Ever since we arrived in El Carrizal just over four weeks ago, we have been holding three weekly English classes with the local school, the national volunteers and the local community. They have been very well received as the English language is a sought after skill in Honduras, yet hardly anybody in El Carrizal can speak it.
Due to the low wages/job instability across Honduras many people aspire to emigrate to the United States in order to earn more money and secure a more stable life for their families. Therefore, English is a very useful language to learn.
As well as being a useful skill for future emigration plans, it’s also a great opportunity for the local young people to come along and learn, for free. Due to the fact that families need to pay expensive fees if they’d like their children to attend school from 12 years onwards, many children have to leave school after primary school and don’t have the opportunity to study again. We’re hoping that our weekly classes offer them the chance to continue their learning in a fun and engaging way, at no cost.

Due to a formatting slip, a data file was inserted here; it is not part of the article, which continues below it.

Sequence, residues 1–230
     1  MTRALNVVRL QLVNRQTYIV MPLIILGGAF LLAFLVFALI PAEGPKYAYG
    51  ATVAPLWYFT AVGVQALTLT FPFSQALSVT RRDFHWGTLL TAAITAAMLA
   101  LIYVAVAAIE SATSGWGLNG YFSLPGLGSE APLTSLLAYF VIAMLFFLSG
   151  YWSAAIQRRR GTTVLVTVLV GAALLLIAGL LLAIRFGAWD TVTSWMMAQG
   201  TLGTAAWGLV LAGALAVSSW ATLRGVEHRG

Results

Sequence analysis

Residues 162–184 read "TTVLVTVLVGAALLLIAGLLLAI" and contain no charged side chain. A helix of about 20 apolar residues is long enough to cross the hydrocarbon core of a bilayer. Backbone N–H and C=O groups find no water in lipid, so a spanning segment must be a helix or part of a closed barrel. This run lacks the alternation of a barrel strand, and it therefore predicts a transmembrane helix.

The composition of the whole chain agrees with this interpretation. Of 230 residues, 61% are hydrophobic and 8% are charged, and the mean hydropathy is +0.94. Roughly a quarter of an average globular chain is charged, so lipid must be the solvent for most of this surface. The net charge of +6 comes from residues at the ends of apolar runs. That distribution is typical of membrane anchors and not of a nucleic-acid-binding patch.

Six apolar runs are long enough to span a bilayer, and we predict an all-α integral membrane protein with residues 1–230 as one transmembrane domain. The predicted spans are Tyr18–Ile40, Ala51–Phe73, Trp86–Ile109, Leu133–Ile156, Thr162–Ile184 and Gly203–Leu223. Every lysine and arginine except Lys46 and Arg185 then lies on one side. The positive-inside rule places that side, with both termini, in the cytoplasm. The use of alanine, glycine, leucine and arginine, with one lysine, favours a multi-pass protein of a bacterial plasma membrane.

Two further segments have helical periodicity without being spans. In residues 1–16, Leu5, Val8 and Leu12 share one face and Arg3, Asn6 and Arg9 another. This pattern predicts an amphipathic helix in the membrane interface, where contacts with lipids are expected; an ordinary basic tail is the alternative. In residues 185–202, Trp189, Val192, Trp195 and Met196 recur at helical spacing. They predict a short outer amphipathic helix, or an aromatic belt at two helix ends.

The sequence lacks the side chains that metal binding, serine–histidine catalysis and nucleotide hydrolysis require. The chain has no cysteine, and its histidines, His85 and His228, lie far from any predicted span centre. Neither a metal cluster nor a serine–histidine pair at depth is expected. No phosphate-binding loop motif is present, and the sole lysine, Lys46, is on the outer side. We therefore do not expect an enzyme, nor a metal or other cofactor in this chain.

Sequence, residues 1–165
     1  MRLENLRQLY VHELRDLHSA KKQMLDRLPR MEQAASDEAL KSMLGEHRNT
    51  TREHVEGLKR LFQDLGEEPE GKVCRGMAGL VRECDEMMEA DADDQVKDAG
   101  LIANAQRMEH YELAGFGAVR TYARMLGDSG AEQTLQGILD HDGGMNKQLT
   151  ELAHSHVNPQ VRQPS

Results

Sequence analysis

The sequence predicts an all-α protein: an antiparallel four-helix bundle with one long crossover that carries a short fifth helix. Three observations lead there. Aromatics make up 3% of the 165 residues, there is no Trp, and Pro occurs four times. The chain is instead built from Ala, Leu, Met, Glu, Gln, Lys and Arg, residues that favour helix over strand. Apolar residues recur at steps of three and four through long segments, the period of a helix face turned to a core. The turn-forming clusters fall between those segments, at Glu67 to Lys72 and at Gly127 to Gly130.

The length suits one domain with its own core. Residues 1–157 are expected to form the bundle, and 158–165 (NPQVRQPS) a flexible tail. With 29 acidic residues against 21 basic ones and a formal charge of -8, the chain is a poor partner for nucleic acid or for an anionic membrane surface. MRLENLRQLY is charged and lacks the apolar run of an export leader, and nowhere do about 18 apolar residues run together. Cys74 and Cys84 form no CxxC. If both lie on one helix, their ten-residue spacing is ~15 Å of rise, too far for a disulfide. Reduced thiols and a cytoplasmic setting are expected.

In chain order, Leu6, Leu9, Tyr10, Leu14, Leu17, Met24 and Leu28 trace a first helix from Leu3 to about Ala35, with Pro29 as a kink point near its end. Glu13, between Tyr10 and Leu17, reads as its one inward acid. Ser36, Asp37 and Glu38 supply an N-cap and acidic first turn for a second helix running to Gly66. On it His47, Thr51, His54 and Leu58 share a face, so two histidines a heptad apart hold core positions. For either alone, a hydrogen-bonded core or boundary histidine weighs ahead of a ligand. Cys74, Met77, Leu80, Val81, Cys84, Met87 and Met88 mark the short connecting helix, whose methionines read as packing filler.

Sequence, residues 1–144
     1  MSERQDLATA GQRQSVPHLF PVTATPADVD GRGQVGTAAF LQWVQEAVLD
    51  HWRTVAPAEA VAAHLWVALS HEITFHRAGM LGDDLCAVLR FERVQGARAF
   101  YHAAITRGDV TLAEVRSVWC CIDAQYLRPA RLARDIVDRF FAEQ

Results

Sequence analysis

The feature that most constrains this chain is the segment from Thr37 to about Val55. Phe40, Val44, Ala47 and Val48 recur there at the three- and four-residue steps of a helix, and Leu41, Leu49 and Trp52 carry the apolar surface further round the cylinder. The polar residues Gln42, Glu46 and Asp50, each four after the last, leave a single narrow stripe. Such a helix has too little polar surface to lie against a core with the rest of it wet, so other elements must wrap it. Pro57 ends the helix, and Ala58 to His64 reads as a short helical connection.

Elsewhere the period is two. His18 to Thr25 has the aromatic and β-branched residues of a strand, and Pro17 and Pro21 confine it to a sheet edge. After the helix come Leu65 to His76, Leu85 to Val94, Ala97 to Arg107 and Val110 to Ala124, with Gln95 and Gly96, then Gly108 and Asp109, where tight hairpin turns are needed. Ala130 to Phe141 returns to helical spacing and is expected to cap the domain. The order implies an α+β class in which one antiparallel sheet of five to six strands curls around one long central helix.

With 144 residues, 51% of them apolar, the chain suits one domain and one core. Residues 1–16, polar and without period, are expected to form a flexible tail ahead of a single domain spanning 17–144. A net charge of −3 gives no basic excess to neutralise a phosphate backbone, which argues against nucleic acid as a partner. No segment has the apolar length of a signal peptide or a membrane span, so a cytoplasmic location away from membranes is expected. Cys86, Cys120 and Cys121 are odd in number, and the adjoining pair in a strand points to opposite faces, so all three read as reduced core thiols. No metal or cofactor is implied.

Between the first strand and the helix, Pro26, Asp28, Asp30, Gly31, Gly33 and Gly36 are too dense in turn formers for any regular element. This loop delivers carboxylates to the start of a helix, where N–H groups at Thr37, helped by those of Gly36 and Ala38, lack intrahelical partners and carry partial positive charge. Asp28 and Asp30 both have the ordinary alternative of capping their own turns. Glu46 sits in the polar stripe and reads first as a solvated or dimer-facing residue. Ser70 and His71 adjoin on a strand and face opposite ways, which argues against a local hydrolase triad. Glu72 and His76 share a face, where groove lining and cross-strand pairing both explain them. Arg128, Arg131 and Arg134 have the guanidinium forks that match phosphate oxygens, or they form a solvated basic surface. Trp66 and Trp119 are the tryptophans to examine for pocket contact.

For our lessons at the primary school, we have been using lots of games and interactive activities in order to make the lessons enjoyable. With over 40 children per class, the lessons have been challenging (especially for our voices!) at times but it all feels worth it when the children greet us in the street with a chirpy “good morning!” instead of the usual “buenos dias”.
As we continue to promote our classes more and more throughout El Carrizal, we receive increasing numbers of attendees each week. Not only is this great for the classes, it’s also a brilliant way for us to continue building a close relationship with the community, which is really beneficial when it comes to completing our projects and gathering feedback from them.
Overall, the classes have been a great success and are often a highlight of our week as volunteers. The national volunteers have been a testament to El Carrizal and Honduras with their passion and enthusiasm for the classes. We hope that we have lit a spark for lifelong learning here that they will continue for many years to come.
Written by ICS volunteer Mahalia Carroll. Photos by Noel Specowius.